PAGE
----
Fd: Firstly, can you tell us about your early days in fly fishing?

Anni: I was the only daughter growing up in a fly fishing family. We would go fishing and camping and hiking together. I liked it, but it was nothing special. Fly fishing has been a fun family thing since I can remember. Nothing too serious.

And still today we keep going to these family trips every year. So I have had a chance to fish in some pretty amazing places around Scandinavia my whole life.

In 2008 something major changed. I went to a fly fishing trip on my own in South-Africa. That was a game changer. I wanted to write about fly fishing and see my pictures and stories in magazines in full color. And I wanted to tell others how much fun fly fishing is. Later it turned into my full-time job. I started my own company, Kajana Club – Fly Fishing, as a fly fishing blogger, author and a fly-fishing-online-entrepreneur in 2014.

I have written for publications for over 7 years now, also abroad. And my first book Hulahula Fly Fishing is published on Amazon.

My style for sure is different than some of the pro fly fishermen. I’m not the best at casting or I’m usually not the one to catch most fish. But the main thing for me is to get to spend time outdoors and chase my Ultimate Dream Fish.

Fd: What would you say to someone who's thinking about visiting Scandinavia for fly fishing?

 I live in Finland, and we have lovely places here. I’m most familiar with Eastern-Finland and Kainuu region in specific. Here we have some nice trout and grayling fishing.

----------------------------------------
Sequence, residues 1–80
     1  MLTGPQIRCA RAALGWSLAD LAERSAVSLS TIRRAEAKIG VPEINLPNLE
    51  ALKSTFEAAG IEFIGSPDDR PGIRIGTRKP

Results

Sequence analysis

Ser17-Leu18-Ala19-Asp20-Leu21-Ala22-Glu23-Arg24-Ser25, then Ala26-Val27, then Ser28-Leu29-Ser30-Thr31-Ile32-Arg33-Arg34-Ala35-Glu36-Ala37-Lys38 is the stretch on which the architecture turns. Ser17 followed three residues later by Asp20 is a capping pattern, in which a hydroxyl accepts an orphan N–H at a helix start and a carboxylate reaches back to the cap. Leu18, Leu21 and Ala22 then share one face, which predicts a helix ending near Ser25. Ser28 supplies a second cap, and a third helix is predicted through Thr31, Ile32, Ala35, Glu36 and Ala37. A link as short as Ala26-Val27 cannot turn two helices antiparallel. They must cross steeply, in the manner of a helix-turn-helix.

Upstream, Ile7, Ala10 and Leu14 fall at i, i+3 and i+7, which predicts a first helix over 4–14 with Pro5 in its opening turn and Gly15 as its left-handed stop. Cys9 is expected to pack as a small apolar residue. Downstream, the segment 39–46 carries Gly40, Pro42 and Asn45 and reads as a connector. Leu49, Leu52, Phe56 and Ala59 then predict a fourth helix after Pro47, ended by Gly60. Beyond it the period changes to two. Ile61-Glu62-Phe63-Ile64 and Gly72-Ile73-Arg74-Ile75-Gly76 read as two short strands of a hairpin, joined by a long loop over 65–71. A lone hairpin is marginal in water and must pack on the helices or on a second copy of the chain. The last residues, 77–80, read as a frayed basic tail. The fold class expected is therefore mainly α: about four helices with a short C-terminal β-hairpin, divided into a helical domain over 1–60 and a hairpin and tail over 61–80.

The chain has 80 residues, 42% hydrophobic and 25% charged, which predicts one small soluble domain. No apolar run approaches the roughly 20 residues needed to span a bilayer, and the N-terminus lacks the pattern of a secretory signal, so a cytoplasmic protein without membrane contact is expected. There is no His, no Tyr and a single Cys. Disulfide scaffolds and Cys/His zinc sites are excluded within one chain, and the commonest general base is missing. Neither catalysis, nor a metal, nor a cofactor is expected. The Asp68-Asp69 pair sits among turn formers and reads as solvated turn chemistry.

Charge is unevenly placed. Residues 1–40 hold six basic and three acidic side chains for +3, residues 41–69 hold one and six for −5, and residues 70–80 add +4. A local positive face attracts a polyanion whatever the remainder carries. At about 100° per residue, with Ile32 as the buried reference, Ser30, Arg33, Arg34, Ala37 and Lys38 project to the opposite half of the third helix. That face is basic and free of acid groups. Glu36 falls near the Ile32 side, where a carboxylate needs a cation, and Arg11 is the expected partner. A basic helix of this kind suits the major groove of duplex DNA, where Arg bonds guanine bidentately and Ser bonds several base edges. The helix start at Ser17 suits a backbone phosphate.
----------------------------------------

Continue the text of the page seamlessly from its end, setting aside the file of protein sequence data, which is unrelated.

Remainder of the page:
Swedish Lapland is my all time favorite for grayling fishing. And it’s an awesome place to get started with fly fishing, because the waters are in good conditions and you can expect to catch a grayling fairly easily.

In Norway and Iceland I’ve only been few times for salmon fishing. That’s a challenging one. But when you do catch one it’s worth all the empty days. And the scenery in both countries is just spectacular.

Fd: What are the places that you would love to visit and fish in? Any dream trip?

: One dream trip for a long time has been Okinawa in Japan. I’ve been to Japan for fly fishing once, and that was such a charming experience. While there, I met an enthusiastic fly fisherman from Okinawa and that stuck to my mind as a place I want to visit one day.
There’s many other places as well.

Fd: How were those times fly fishing for amago and yamame trout in Japan?

I was studying in Japan in 2009 and got to join some awesome local fishing enthusiasts for fly fishing trips during my stay. 

I had read about amago, a trout related fish, from an old fly fishing magazine, and had that fixed in my mind. I kept asking around until I found a small fly fishing shop from Osaka, and from there on I met locals who knew the spots.

You can imagine, joining a group of Japanese fly fisherMEN, who spoke just some English, and I spoke even less Japanese. But the common language was fly fishing. And it was a remarkable experience to see the sparsely populated mountainside of the country. See the full fall colors and crystal blue mountain rivers.

My first catch in Japan was kawamutsu which is, I guess, similar to a roach in our waters. So not the most valued catch. And it was less than 10 cm in size. But that was a happy moment. Later I caught an amago as well.

Fd: You have continuously helped novice anglers to improve their skills. What are your top tips for those who have never picked up a fly-fishing rod but are eager to learn?

Anni: There are two types of fly anglers in my opinion. The ones who, for whatever reason, get introduced to fly fishing and totally get swept away and have read and absorbed and mastered everything before I have completed this sentence. Them I salute, and cannot help at all.

But then there are the normal mortals, like myself. Who love the outdoors and nature. Who would love to spend time outside, and are intrigued about fly fishing. But they perceive fly fishing as something really fancy, challenging and almost impossible to learn.